Have we as a country gone too far in conjuring up a fear of fat? Most eating disorder specialists and body image advocates would say we hit that milestone long ago – the proof being in our country’s continued and desperate reliance on dieting despite its 95-98% failure rate. However, recent research seems to suggest a new low – one that we are concerned may spike unnecessary anxiety in new parents and could further distort our country’s relationship with food and eating, beginning with our youngest and most fragile generations. That being said, we felt it was important to address this topic within our Nurture blog series.
This relatively new research, out of Eastern Virginia Medical School, proposes that a progression toward obesity begins as early as three months old. Researchers have referred to their findings as a “tipping point”, suggesting we further scrutinize weight during the earliest months of life. The study’s online abstract states, “that the critical period for preventing childhood obesity in this subset of identified patients is during the first 2 years of life and for many by 3 months of age.”
This raises a lot of serious concerns about how we might be encouraged to interpret these results. Should worried parents or concerned childcare providers cut down on or restrict breast milk and formula out of fear for an infant’s future weight category? Will parents of healthy, naturally larger babies be inclined to panic during weigh-ins at the pediatrician’s office or be made to feel they need to enforce low calorie diets to help their baby or toddler lose weight? Not only do these things not work to prevent children from becoming overweight, they are also incredibly dangerous and can disturb a young body’s natural hunger and fullness cues, setting the groundwork for a harmful relationship with food later in life. The same disruption can happen when infants or children are persuaded to eat when not hungry or made to eat significantly past the point of fullness. Ellyn Satter, a family therapist, registered dietitian and internationally recognized authority on eating and feeding speaks to this process on her website, stating,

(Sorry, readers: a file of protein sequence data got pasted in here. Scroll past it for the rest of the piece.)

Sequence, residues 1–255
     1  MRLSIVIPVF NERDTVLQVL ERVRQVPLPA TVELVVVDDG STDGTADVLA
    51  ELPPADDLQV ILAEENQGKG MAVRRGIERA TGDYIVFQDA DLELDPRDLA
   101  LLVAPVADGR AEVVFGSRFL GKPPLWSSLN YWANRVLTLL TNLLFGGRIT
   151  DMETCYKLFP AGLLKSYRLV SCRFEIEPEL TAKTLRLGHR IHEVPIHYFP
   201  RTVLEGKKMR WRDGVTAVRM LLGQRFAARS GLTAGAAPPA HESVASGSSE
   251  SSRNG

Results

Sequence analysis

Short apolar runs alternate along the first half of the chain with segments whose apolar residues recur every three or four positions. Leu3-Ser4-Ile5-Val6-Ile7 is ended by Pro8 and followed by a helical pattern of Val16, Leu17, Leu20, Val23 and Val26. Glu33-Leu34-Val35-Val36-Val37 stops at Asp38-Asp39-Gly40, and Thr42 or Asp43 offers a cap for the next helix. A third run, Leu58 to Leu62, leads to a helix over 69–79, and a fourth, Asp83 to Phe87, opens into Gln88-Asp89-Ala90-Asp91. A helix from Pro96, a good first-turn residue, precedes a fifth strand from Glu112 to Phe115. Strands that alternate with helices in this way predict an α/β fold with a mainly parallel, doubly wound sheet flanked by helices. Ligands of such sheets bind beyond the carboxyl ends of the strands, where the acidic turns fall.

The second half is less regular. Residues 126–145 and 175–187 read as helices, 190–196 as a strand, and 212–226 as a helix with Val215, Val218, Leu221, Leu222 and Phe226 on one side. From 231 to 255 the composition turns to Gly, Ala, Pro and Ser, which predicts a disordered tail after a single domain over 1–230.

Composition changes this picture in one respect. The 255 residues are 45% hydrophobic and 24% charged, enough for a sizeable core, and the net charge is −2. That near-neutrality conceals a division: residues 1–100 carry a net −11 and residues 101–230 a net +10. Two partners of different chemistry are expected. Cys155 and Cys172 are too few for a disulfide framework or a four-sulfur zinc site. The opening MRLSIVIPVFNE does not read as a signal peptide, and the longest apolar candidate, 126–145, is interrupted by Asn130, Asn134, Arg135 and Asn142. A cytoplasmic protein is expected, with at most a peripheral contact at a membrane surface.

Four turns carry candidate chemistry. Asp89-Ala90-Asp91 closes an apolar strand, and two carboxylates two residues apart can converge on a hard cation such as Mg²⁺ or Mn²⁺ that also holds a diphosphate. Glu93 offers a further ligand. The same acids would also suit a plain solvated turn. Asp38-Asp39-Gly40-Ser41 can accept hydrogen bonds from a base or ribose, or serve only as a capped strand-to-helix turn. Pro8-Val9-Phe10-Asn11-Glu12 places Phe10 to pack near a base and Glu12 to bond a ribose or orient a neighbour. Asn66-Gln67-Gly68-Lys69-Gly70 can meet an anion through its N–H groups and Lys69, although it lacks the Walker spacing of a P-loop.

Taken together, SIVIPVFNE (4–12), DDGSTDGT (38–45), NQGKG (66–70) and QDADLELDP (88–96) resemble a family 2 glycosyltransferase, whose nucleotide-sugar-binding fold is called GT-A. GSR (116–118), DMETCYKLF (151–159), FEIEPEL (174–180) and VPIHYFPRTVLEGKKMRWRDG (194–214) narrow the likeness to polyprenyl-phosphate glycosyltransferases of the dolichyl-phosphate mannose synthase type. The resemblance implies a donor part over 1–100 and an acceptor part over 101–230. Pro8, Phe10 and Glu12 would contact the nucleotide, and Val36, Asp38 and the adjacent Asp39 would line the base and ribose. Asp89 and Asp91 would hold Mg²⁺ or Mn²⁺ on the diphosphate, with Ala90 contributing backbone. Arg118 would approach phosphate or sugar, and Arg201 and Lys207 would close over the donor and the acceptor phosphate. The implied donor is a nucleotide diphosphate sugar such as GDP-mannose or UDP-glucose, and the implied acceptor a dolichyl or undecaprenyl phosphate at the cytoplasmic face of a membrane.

“Children who eat and grow at the extremes make their parents so nervous that they often interfere. It backfires. In our weight-obsessed culture, parents may try to restrict a robust child with a hearty appetite because they assume that enjoying food and eating a lot means she will get fat. It doesn’t, and it doesn’t work. Children who don’t get enough to eat—or fear they won’t—become preoccupied with food and tend to overeat when they get a chance…
Understanding the paradoxical outcome of restricting early feedings leads us to question the messages sent by this research study as well as those introduced by most childhood obesity prevention campaigns today. As a country, we should pause and ask ourselves if increasing anxiety about infant and childhood weight might be hurting more than it is helping? Promoting an even earlier vigilance and stigma around weight and bodies seems only to be muddying the water further, adding to the very “problem” that studies such as this one seem to be trying to address.
Negative messages about food and weight passed from our culture to our infants and children can lead to strained feeding and food relationships, a diet mentality, low self-esteem and negative body image. All of these things are also risk factors for the development of disordered eating and eating disorders, including anorexia, bulimia and binge eating disorder which is the most prevalent and is often associated with obesity. For most adults concerned about a child’s weight or well being, the obvious next question would be, “well than what am I supposed to do?”
Consider moving away from a hyper-focus on weight, body type, BMI or any other calculator of weight. Like most efforts involved in parenting, it’s not an easy task to accomplish particularly when it seems like every newspaper article, concerned relative, or public service campaign is telling you to do the opposite. Do your best to focus instead on your child’s overall health (remembering that weight does not = health). Honor and accept your child’s natural body size and shape. Create positive goals around eating that involve paying attention to your baby’s or child’s internal hunger and fullness cues instead of relying on external messages about how much is “too much”. Positive goals might also include taking steps to decrease the stress related to feeding a family by learning about and adopting Satter’s Division of Responsibility (DOR) in feeding which can be utilized from the earliest stages of infancy throughout adolescence. As stated on EllynSatter.com, our goals as parents and as a culture with regards to feeding should be to:
“emphasize competency rather than deficiency: providing rather than depriving: and trust rather than control.” *
We would add that providing education rather than stigma; positive goals rather than “tipping points”: and fostering tools rather than anxiety will go a long way in helping to nurture a culture that cares more about health and less about size.
*Quotes are copyright © 2010 by Ellyn Satter. Published at www.EllynSatter.com. For more about raising children who eat as much as they need and get bodies that are right for them (and for research backing up this advice), see Ellyn Satter’s Your Child’s Weight: Helping Without Harming, Kelcy Press, 2005. Also see www.EllynSatter.com/shopping to purchase books and to review other resources.
photo courtesy of pediatrics.about.com